Sunday, January 6, 2008

The 1st Annual Stereo Sanctity Awards



I've done this in the past, but just not here on Stereo Sanctity. What it is is simple: If I where an Academy member, what films and performances would I deem worthy to garner my all-important vote. If you've read my top ten list, you should know my 5 Best Pic selections already, but beyond that, everything should be new. If things were right in the world, this is what the nominees would look like on Oscar nomination morning. Just don't hold your breath.

Winner in Bold:

Best Picture:

The Assassination Jesse James by the Coward Robert Ford
There Will Be Blood
No Country for Old Men
I'm Not There

Zodiac



Best Director:

Andrew Dominik - The Assassination of Jesse James by the Coward Robert Ford
Paul Thomas Anderson - There Will Be Blood
Joel & Ethan Coen - No Country for Old Men
Todd Haynes - I'm Not There
David Fincher - Zodiac

This was a director's year if nothing else, which explains the 5/5 match up for Best Pic and Best Director. Julian Schnabel's work on The Diving Bell and the Butterfly was the only other possible inclusion here.


Best Actor:


Daniel Day-Lewis - There Will Be Blood
Phillip Seymor Hoffman - Before the Devil Knows You're Dead
Ryan Gosling - Lars and the Real Girl
Emile Hirsch - Into the Wild
Sam Riley - Control

This was tough category. Every performance here is outstanding. Day-Lewis probably takes the Oscar, but no one kept me transfixed like Gosling did as Lars Lindstrom. Truly emotional stuff.


Best Actress:


Julie Christie - Away From Her
Laura Linney - The Savages
Kerri Russell - Waitress
Ellen Page - Juno
Marion Cotillard - La Vie En Rose

Yet again this was a weak year for actresses. I didn't even like La Vie En Rose, so I couldn't really single out Cotillard, and Christie was really good in a one note performance. I still don't see why Linney and Russell haven't been getting more love, as they were truly impressive, but Ellen Page easily takes this prize. And I can't think of a better or more honest line reading all year than, "I don't really know what kind of girl I am..." .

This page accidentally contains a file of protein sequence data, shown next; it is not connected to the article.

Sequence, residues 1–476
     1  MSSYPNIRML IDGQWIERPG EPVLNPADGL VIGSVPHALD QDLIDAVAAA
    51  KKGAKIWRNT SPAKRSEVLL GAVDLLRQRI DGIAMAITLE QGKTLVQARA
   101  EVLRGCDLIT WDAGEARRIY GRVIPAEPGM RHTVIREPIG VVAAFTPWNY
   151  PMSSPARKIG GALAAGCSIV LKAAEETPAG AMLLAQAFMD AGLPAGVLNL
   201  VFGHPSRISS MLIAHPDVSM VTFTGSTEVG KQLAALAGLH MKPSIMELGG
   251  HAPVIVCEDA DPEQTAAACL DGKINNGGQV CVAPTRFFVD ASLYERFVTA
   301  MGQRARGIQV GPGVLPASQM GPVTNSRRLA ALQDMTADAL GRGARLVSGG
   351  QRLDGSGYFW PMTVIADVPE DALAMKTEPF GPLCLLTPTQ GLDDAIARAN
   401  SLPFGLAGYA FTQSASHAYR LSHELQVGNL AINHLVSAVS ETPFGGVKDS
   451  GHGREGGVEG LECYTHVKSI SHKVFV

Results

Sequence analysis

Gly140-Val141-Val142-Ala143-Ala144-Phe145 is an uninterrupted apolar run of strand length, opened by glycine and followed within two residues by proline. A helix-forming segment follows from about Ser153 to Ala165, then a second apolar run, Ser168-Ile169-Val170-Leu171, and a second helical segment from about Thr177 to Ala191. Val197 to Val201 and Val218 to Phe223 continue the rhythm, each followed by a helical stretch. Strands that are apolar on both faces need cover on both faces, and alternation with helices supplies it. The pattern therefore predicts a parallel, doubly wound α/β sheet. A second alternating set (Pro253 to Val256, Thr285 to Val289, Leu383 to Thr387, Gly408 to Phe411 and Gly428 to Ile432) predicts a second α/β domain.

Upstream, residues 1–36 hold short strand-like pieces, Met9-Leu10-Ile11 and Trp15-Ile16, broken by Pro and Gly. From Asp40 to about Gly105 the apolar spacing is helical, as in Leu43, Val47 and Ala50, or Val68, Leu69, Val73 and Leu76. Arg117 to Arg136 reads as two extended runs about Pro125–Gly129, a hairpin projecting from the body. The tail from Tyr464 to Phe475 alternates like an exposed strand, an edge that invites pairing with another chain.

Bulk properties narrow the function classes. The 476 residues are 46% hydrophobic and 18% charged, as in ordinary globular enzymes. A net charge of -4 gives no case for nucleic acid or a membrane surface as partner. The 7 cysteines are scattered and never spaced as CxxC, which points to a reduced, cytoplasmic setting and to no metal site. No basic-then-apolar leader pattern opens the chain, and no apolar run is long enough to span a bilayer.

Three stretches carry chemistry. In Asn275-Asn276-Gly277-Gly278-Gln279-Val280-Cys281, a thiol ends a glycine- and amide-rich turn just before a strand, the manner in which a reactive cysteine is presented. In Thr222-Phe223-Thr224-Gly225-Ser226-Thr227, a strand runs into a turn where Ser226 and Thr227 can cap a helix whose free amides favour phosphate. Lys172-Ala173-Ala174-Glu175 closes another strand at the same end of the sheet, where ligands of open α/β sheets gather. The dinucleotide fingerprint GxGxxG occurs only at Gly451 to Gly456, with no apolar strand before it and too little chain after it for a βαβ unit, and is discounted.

Best Supporting Actor:

Javier Bardem - No Country for Old Men
Hal Holbrook - Into the Wild
Casey Affleck - The Assassination of Jesse James by the Coward Robert Ford
Max Von Sydow - The Diving Bell and the Butterfly
Phillip Seymor Hoffman - Charlie Wilson's War

I can already see myself regretting not picking Bardem for his maniacal turn in No Country, but Holbrook left me reeling with emotion as the heart and soul of Into the Wild. They are both impossible performances to shake, for completely different reasons mind you, but today I'd go with Holbrook for the sole reason of bringing some much needed love to this great actor.


Best Supporting Actress:

Amy Ryan - Gone Baby Gone
Cate Blanchett - I'm Not There
Jennifer Garner - Juno
Samantha Morton - Control
Marissa Tomei - Before the Devil Knows You're Dead

All these performances are fantastic and it is really hard to single one out, but how can you possibly overlook what Blanchett did as Bob Dylan in I'm Not There? It's an uncanny approximation of mid-60s Zimmerman.


Best Original Screenplay:


Lars and the Real Girl
Juno
Before the Devil Knows You're Dead

The Savages

Michael Clayton


What a stacked category. I love all these scripts with a passion, but Diablo Cody, taking cues from Heathers before her, nearly invented a new language with Juno, and I admire that immensely.


Best Adapted Screenplay:

No Country for Old Men
The Assassination of Jesse James by the Coward Robert Ford
There Will Be Blood
Zodiac
The Diving Bell and the Butterfly

This was the easiest category to call. A brilliant return to form for the Coen's, retaining their trademark wit and dark humor, they infused Cormac McCarthy's novel with a sinister yet deeply moving richness missing from standard thrillers.

"Everything....you have everything to gain..."

2 comments:

Anonymous said...

Hmmm I guess I need to see Control.

Isaiah Barney said...

How is Bourne Ultimatum not on there. This is a travesty of epic proportions.